The World of Artisanal Salt
On every table from a dining table to a high-end, upscale restaurant, there is always this seasoning ingredient: salt. A seemingly basic and boring substance added to enhance bland food or flavors, salt is often misunderstood by the average person. Contrary to common belief, salt isn’t just salt. It is the essence of all good things in cooking and in life. As human beings, our bodies cannot live without salt, however, one should be mindful as too much sodium intake may result in high blood pressure.
My personal salt collection and dreams of becoming a salt connoisseur began when I first visited the salt flats of Death Valley. Tricked into trying the salt of the basin, a regret I still have to this day, I started researching the origins of salt and its chemical properties.
Long past were the days I believed that all salt came from a glass shaker on my dinner table. Long gone were the days in which I believed that there was only one type of salt. So, let’s dive right in to the world of artisanal salt!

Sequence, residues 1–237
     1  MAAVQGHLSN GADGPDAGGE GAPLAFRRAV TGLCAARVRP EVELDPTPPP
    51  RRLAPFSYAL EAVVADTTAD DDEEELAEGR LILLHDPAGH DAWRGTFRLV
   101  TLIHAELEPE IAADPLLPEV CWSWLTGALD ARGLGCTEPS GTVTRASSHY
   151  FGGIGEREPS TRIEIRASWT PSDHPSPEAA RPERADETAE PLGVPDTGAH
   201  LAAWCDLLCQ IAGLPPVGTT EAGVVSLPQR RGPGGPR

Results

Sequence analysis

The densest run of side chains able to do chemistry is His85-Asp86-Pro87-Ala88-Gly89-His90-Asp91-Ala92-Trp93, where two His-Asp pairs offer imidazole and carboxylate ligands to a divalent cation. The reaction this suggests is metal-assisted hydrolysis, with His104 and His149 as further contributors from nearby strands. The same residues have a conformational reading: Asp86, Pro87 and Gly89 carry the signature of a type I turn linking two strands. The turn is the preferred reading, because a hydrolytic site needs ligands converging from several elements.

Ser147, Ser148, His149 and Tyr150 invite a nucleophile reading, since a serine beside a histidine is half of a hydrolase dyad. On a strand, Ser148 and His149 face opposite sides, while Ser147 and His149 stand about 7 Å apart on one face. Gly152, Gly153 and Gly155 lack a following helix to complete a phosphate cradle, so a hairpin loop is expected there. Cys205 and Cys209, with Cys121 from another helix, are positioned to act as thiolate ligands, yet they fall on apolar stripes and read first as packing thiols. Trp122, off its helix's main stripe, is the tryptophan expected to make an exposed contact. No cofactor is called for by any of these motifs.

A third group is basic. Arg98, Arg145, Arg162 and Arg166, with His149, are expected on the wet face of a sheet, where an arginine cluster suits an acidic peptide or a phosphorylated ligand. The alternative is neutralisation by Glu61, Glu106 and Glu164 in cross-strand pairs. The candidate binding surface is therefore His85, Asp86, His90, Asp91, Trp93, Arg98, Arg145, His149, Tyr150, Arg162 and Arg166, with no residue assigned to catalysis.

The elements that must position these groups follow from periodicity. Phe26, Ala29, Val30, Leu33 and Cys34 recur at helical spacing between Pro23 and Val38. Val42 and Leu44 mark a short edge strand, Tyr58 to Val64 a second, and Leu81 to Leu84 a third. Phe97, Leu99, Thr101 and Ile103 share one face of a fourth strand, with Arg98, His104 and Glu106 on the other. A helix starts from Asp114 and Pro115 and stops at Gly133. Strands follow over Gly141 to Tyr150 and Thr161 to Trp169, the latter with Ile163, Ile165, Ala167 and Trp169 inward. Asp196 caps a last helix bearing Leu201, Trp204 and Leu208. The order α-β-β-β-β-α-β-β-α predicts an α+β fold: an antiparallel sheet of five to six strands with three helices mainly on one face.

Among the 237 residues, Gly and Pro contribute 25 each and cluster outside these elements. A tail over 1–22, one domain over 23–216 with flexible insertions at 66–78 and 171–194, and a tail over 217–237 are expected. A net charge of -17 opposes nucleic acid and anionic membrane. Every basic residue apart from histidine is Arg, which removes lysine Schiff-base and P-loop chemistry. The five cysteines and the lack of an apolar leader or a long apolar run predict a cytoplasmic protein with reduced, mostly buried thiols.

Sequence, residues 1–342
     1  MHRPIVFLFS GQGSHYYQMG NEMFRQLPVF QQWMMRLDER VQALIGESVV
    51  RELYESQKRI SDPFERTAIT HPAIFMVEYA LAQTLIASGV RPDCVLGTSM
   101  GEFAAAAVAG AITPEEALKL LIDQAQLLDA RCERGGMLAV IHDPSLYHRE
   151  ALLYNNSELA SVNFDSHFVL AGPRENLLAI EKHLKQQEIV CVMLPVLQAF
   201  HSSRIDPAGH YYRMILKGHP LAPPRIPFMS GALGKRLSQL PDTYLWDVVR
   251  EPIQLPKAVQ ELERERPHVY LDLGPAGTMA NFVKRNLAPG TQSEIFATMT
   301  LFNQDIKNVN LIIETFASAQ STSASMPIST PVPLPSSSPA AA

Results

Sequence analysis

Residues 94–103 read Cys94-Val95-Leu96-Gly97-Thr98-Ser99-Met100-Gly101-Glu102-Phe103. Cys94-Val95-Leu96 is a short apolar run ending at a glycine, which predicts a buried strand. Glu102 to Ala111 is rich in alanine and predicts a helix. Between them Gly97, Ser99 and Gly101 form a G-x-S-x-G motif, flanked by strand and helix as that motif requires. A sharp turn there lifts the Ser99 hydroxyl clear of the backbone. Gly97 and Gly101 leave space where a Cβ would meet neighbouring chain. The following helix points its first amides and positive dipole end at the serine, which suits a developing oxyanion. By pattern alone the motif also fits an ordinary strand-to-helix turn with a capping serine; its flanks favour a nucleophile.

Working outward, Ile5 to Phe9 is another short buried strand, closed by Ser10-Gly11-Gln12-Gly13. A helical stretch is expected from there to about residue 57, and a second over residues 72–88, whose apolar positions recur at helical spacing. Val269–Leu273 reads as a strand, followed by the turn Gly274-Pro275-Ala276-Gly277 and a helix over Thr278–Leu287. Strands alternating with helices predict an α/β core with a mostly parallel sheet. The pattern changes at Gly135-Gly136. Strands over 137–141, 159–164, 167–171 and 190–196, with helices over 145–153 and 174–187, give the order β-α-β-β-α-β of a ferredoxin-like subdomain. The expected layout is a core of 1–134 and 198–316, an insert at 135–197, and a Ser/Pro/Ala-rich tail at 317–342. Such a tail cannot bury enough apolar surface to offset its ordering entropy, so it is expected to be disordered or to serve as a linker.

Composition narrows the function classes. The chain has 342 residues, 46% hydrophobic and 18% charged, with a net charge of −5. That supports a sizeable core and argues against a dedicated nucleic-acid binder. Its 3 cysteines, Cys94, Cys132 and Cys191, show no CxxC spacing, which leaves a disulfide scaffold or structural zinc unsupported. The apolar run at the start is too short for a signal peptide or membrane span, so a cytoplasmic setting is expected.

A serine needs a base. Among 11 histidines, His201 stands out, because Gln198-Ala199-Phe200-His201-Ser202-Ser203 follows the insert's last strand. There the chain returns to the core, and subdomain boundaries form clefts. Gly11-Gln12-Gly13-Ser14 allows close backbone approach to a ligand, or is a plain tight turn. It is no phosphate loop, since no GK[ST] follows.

From finishing salts to enhance flavors in a culinary masterpiece to salts used to preserve fish and meat, there are countless types and different uses for salt. Table salt is the most commonly used class of salt. It is often harvested from underground salt deposits and are made to be highly refined and grounded.
Next up, there is a variety of sea salt which can be much coarser than table salt and often not refined to the extent of table salt. With a much stronger kick of flavors that make a beautifully complex and intricate taste profile, sea salt has many more added minerals from the evaporated sea water they're harvested from. Keeping with the properties of sea salt, sel gris is my personal favorite. French for “grey salt”, this premier garnish is a specialty on thick, juicy cuts of meat and fish as its briny finish and moist grains bring a delectable flavor to a dish.
Far more expensive and luxurious than the previously mentioned salts, truffle salt is especially coveted for its rich aromatic qualities and earthy, truffle tastes.
These are only just a few samplers of my current collection and of the whole world of artisanal salts. There are plenty of interesting and exotic salts that are unique to specific cultures and regions of the world. While these artisanal salts do not come cheap, I managed to save my allowances and paychecks for a mini splurge whenever I could get into contact with a selmelier or discover a treasure at a local farmers market. Not once was I disappointed with the exciting new sensations that each jar of salt introduced to my taste buds. Spice collections are far too boring and passionless now; instead, how about starting an artisanal salt collection? Of course, you don’t have to, but at least take my advice with a grain of salt.